Every child in foster care – even the child who seems the most alone – comes from a family. Regardless of the circumstances, chances are there are family members who love the child, and would be willing and able to reconnect and help. They just need to be given the chance.
Take this true story of a CASA case in Harris County.
Two boys, now 12 and 13 years old, have been in foster care for the last six years.
Neither of them had seen or spoken to any members of their family of origin since their parents’ rights were terminated. Child Protective Services (CPS) had also fallen out of contact with the family over the years. Opportunities for positive, healthy family and adult connections for the boys seemed limited at best.
In December 2018, CASA and CPS brought the boys together to see if they could reconnect them with family. They did exercises with the children to help them remember family members who supported them in the past. Through this, they found a maternal aunt, spoke with her and got contact information for the boys’ mother, maternal grandmother, two more aunts, a cousin and an uncle. CASA and CPS reached out to the family and invited them to a family meeting in February.
It was an emotional meeting – after all, the family got to see pictures of the boys, and hear about how they’re doing, for the first time in years. During the meeting, CASA and CPS proposed that the family should start writing letters to them twice a month. After several weeks, though, it became clear that the letter writing was not going to be consistent as a strategy. They decided to arrange another family meeting for December to discuss challenges and brainstorm ideas.
The group came up with a simple solution: rather than written letters, what if they created a Facebook group for the family that they could use to communicate with the boys? CPS would monitor the page and content of the messages to make sure things were happening safely. The family loved the idea, and once the group was created various family members started reaching out.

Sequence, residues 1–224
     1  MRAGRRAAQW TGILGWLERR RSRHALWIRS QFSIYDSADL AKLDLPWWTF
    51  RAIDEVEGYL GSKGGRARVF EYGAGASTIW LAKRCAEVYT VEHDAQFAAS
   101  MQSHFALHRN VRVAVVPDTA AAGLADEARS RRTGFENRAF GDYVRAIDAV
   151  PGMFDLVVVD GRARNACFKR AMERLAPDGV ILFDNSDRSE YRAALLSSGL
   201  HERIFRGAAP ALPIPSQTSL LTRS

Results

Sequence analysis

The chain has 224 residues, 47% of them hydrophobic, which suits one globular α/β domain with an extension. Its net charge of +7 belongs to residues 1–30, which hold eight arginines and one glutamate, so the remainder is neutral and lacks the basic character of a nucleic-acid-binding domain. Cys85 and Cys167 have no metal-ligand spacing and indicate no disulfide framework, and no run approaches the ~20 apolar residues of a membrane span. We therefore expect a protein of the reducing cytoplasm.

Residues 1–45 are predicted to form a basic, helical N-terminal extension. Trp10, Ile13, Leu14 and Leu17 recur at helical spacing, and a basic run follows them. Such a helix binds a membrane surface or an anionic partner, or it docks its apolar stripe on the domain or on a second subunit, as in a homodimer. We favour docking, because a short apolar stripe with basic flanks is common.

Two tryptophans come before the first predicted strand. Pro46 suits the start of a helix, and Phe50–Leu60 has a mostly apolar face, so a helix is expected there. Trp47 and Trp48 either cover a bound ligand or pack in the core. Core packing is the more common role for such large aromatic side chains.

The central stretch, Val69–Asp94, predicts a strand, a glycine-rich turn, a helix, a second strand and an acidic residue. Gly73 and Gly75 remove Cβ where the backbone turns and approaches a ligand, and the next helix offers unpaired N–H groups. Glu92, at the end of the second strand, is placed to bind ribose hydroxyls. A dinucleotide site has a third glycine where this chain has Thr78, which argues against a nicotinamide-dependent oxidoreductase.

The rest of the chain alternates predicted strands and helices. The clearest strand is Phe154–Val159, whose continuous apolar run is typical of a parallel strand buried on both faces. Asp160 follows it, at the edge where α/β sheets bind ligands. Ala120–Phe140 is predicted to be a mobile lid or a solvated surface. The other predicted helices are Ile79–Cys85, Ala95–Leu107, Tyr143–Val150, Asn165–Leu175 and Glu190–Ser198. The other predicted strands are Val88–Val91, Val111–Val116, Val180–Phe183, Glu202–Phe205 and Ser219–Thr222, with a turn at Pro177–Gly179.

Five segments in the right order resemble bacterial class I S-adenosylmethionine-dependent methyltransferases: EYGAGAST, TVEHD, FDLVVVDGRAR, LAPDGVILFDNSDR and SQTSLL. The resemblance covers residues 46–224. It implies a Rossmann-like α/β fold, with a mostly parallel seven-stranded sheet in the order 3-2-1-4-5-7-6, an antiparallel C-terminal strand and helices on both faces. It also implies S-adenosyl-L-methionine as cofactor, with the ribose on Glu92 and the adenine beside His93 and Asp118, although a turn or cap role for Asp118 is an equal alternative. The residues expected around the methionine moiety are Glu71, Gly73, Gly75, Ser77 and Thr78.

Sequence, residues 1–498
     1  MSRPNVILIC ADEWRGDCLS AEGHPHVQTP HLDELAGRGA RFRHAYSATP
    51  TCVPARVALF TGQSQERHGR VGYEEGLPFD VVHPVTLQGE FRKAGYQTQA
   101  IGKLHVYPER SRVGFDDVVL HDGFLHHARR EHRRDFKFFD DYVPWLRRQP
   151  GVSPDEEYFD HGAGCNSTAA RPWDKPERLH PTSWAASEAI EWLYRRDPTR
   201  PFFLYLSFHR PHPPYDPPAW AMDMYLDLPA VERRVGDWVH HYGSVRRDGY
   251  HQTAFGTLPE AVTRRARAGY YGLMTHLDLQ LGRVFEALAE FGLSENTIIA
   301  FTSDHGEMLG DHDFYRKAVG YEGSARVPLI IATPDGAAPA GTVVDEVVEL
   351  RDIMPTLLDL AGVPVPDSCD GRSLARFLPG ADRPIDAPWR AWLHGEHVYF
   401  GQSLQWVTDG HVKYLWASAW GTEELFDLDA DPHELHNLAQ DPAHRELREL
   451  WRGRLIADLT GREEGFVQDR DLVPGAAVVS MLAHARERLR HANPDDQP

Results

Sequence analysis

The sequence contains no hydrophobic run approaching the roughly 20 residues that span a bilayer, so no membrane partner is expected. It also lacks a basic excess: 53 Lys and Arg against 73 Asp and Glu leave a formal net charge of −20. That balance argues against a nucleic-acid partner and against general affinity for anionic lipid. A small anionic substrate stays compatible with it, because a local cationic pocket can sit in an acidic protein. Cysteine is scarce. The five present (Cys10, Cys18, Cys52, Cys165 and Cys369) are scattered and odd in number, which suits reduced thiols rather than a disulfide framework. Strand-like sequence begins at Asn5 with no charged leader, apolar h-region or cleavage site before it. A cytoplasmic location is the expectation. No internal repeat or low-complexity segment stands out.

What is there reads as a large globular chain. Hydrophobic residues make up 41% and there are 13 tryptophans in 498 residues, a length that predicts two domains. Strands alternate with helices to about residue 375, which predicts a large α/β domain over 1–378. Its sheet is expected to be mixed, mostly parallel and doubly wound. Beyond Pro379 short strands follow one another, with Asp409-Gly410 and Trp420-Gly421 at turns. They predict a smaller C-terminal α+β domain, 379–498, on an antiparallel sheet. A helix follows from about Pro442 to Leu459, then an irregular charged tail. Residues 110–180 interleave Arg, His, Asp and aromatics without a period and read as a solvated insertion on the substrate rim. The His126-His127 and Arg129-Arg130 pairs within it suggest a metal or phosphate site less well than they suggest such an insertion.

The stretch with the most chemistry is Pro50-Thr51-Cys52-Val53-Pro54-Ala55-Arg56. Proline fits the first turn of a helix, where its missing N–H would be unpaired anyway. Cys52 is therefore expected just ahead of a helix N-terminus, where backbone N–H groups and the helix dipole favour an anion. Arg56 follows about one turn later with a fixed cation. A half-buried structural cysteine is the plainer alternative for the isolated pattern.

The boys’ reaction to getting into touch with their family after so many years was touching. They cried, and were happy to know that their family had not forgotten about them.
After following the judge’s requests that would ensure the boys’ safety, Mom got the opportunity to visit them over Christmas – and so did grandma and an aunt. The plan going forward is that visits will continue monthly. Dad also has plans to fly to Texas to see them soon!
Thanks to CASA and CPS’s work and the investment of the family, these boys have gone from having no connections to visiting with their parents and extended family in the span of a year – from feeling lonely to feeling loved.
YOU can play a role in helping children in foster care feel more connected, safe and loved. YOU can help keep families engaged for the good of these children. Take the first step at www.BecomeACASA.org.